Subject: Re: New idea on ELF prebinding
To: Bang Jun-Young <>
From: Luke Mewburn <>
List: tech-userlevel
Date: 11/22/2002 17:48:43
On Fri, Nov 22, 2002 at 03:18:28PM +0900, Bang Jun-Young wrote:
  | Here's the summary of what I have been thinking about ELF prebinding
  | since a couple times of objections from people against my previous
  | not-good implementation ;-):

some minor issues.

  | - Every binary, including executable and shared object, has .csum
  |   section inserted by ld(1) at compile time. It is 32-bit long and
  |   used for storing checksum (CRC32) of the binary.

i'd prefer md5 or sha1 as a hash.

  | - Actual prebinding and prerelocation is done by ld.elf_so(1). After 
  |   ld.elf_so(1) loads a binary for the first time, it creates a disk
  |   file in /usr/libexec/reloc (say it "cache") and writes all of the

/var/db/reloc (persistent) or /var/run/reloc (lost at reboot) are
better locations...

  |   relocated GOT and PLT sections in memory to the file (checksum and
  |   other necessary information as well). In any subsequent execution
  |   of the same binary, ld.elf_so(1) no longer performs relocation.
  |   Instead it loads cache from the disk file previously created and
  |   compares cache information and in-memory data. If they don't differ,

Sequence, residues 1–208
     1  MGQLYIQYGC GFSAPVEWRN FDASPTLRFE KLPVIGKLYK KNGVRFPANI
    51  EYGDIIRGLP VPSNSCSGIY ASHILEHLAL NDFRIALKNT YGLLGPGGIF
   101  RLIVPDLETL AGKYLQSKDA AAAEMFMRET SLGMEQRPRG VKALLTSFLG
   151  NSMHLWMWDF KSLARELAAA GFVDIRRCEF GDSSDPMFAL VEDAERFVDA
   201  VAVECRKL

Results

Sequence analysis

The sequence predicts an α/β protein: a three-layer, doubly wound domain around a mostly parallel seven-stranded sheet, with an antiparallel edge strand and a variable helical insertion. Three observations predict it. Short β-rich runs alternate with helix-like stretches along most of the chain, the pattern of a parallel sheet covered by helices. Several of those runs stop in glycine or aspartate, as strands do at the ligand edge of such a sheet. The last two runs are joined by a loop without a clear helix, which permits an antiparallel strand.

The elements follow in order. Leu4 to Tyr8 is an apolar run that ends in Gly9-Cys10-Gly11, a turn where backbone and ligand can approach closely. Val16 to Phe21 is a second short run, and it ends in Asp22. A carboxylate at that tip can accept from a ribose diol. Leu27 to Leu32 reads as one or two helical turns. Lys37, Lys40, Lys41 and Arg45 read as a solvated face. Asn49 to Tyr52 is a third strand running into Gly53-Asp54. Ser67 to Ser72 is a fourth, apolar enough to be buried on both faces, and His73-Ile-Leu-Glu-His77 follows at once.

|   it patches GOT/PLT pointers so that they point to locations in the
  |   cache. But if they differ, ld.elf_so(1) will do the same job. 
  | - As time goes by, there will be more caches stored in /usr/libexec/reloc.
  |   If needed, elfreld(1) daemon regularly check if they are still valid, and
  |   removes invalid files. Or you can remove all of them, and ld.elf_so(1)
  |   will perform the same job again for each binary it loads.

do we even need an elfreld daemon?  does it matter if the cache grows.

  | Advantages of this method include:
  | - Minimal modification to binary. Only .csum is inserted and it is
  |   ignored by old ld.elf_so(1).
  | - No additional executable is required (elfreld(1) is fully optional).
  | - It doesn't break ELF semantics. Cache is just an image of the in-memory 
  |   data after relocation is done.
  | - It is much simpler and can be (significantly) faster than our
  |   competitor's implementation (prelinking in Red Hat 8.0). You don't
  |   even have to bother to run prelink against newly created binaries in
  |   the system regularly. Everything is automagically done by ld.elf_so(1). 
  | - Better CPU cache utilization is possible, since it is likely
  |   that all the GOT/PLT entries for a binary and shared objects it
  |   depends on are stored together in a single page, or at least, adjacent
  |   in memory. 
  | Disadvantages of it include:
  | - When ld.elf_so(1) loads a binary for the first time, it takes more
  |   time (rarely, much more) to get it done, since it creates and write
  |   cache to disk.
  | - Security considerations (?).
  | - (please put your comments here ;-).
  | Comments would be appreciated, 

sounds good otherwise...